- Sardu C, Marfella R, Maggi P. Implications of AB0 blood group in hypertensive patients with covid-19. BMC Cardiovasc Disord. 2020; 20:373. https://doi.org/10.1186/s12872-020-01658-zPubMedPubMed CentralGoogle Scholar
- Dzik S, Eliason K, Morris EB, Kaufman RM, North CM. COVID-19 and ABO blood groups. Transfusion. 2020. Google Scholar
- Ellinghaus D, Degenhardt F, Bujanda L. Genomewide association study of severe Covid-19 with respiratory failure. Genomewide association study of severe Covid-19 with respiratory failure. N Engl J Med. 2020. Google Scholar
- Thomson G, Bodmer WF. Population stratification as an explanation of IQ and ABO association. Nature. 1975; 254(5498):363-364. https://doi.org/10.1038/254363a0PubMedGoogle Scholar
- Hirani R, Wong J, Diaz P. A national review of the clinical use of group O D- red blood cell units. Transfusion. 2017; 57(5):1254-1261. https://doi.org/10.1111/trf.14012PubMedGoogle Scholar
- Flegel WA. CoVID-19 insights from transfusion medicine. Br J Haematol. 2020; 190(5):715-717. Google Scholar
- Cai X, Ren M, Chen F, Li L, Lei H, Wang X.. Blood transfusion during the COVID-19 outbreak. Blood Transfus. 2020; 18(2):79-82. Google Scholar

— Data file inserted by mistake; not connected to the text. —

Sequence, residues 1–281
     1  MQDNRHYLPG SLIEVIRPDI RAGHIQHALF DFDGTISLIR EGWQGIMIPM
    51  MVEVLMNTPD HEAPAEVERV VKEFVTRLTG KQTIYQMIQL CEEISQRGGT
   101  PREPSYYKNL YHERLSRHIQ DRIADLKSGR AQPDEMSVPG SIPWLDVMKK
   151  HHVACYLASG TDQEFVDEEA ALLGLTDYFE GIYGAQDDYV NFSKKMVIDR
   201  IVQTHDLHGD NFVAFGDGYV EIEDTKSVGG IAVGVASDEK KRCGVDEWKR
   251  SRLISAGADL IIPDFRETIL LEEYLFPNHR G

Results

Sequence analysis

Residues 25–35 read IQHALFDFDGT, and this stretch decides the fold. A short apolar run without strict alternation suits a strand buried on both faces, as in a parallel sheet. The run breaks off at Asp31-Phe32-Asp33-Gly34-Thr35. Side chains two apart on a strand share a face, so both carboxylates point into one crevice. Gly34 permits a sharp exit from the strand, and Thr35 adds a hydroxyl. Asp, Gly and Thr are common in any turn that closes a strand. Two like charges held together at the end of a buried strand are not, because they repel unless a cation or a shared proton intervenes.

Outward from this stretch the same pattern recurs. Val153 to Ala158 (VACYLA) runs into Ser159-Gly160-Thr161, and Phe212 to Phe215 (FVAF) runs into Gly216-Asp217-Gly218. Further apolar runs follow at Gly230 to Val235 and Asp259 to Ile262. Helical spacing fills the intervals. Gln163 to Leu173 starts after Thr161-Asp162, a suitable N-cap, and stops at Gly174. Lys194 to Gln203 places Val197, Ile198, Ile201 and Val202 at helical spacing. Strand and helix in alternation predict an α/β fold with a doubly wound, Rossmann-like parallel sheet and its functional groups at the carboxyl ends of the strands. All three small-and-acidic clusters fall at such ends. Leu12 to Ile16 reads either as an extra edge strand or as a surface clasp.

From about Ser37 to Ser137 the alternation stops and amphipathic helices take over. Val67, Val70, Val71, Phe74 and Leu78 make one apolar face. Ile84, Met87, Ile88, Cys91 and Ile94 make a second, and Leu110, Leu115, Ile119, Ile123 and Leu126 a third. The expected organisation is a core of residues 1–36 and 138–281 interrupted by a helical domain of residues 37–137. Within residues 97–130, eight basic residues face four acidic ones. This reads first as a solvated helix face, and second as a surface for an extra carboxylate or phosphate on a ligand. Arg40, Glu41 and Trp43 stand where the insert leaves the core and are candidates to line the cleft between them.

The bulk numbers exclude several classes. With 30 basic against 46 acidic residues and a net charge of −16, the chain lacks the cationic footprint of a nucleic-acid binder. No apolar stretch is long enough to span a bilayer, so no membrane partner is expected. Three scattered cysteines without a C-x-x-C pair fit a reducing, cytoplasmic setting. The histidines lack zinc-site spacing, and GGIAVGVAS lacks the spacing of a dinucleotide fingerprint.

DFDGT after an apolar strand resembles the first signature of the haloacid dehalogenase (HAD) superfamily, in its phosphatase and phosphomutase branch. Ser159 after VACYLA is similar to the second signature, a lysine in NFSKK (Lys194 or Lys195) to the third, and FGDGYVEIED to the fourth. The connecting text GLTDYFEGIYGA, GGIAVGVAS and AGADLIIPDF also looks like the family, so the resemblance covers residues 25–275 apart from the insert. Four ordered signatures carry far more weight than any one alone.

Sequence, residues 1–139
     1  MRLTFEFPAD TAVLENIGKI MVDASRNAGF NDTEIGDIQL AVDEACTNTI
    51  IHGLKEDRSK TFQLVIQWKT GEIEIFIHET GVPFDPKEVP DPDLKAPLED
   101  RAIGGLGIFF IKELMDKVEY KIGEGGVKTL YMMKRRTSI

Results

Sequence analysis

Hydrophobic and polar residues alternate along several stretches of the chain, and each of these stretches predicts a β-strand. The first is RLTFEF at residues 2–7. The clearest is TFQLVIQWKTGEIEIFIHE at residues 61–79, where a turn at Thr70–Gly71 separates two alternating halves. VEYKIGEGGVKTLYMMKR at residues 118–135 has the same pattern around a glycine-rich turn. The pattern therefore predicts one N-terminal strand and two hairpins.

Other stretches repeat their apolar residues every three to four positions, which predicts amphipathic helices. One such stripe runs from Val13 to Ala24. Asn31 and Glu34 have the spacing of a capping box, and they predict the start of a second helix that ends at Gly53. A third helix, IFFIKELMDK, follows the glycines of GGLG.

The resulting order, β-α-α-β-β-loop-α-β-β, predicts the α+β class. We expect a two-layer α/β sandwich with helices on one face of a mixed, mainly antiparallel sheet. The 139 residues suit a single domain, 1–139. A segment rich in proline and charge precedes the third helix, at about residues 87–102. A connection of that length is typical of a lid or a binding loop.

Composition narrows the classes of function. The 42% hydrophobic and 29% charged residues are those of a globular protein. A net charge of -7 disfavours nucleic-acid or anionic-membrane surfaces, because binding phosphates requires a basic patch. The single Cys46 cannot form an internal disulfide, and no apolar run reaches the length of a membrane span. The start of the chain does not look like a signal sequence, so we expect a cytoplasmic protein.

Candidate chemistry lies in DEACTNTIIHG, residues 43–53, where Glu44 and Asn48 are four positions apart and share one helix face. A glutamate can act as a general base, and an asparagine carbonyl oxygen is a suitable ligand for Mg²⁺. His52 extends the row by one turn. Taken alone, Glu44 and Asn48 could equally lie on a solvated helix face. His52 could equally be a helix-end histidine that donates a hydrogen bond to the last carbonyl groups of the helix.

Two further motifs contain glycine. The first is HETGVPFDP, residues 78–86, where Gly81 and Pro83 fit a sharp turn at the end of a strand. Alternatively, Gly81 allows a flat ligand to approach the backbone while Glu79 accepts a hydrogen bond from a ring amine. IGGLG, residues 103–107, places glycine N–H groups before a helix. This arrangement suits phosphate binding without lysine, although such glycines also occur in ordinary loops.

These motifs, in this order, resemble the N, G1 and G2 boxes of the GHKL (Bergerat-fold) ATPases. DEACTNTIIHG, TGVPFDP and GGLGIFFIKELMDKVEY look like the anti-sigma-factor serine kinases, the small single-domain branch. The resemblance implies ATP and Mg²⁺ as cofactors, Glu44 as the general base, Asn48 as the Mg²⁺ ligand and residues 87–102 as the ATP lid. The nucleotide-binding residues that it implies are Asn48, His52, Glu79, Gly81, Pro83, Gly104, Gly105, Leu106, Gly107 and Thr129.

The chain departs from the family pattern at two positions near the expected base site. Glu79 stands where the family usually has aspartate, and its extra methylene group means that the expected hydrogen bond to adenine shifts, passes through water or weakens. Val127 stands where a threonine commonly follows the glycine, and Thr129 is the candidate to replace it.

- Doyle AJ, Danaee A, Furtado CI. Blood component use in critical care in patients with COVID-19 infection: a single centre experience. Br J Haematol. 2020. https://doi.org/10.1111/bjh.17007PubMedPubMed CentralGoogle Scholar
- Barriteau CM, Bochey P, Lindhom PF, Hartman K, Sumugod R, Ramsey G. Blood transfusion utilization in hospitalized COVID-19 patients. Transfusion. 2020. https://doi.org/10.1111/trf.15947PubMedPubMed CentralGoogle Scholar
- Zaidi FZ, Zaidi ARZ, Abdullah SM, Zaidi SZA. COVID-19 and the ABO blood group connection. Transfus Apher Sci. 2020. https://doi.org/10.1016/j.transci.2020.102838PubMedGoogle Scholar
- Jiang SQ, Huang QF, Xie WM, Lv C, Quan XQ. The association between severe COVID-19 and low platelet count: evidence from 31 observational studies involving 7613 participants. Br J Haematol. 2020; 190(1):229-e33. https://doi.org/10.1111/bjh.16817PubMedGoogle Scholar
- Flegel WA. Pathogenesis and mechanisms of antibody-mediated hemolysis. Transfusion. 2015; 55(0):S47-S58. https://doi.org/10.1111/trf.13147PubMedPubMed CentralGoogle Scholar
- Li L, Zhang W, Hu Y. Effect of convalescent plasma therapy on time to clinical improvement in patients with severe and life-threatening COVID-19: a randomized clinical trial. JAMA. 2020; 324(5):460-470. https://doi.org/10.1001/jama.2020.10044PubMedPubMed CentralGoogle Scholar
- Liu Z. Errors in trial of effect of convalescent plasma therapy on time to clinical improvement in patients with severe and life-threatening COVID-19. JAMA. 2020; 324(5):518-519. https://doi.org/10.1001/jama.2020.12607PubMedGoogle Scholar
- Casadevall A, Joyner MJ, Pirofski LA. A randomized trial of convalescent plasma for COVID-19-potentially hopeful signals. JAMA. 2020; 324(5):455-457. https://doi.org/10.1001/jama.2020.10218PubMedGoogle Scholar
- Zhang B, Liu S, Tan T. Treatment with convalescent plasma for critically Ill patients with severe acute respiratory syndrome coronavirus 2 infection. Chest. 2020; 158(1):e9-e13. https://doi.org/10.1016/j.chest.2020.03.039PubMedPubMed CentralGoogle Scholar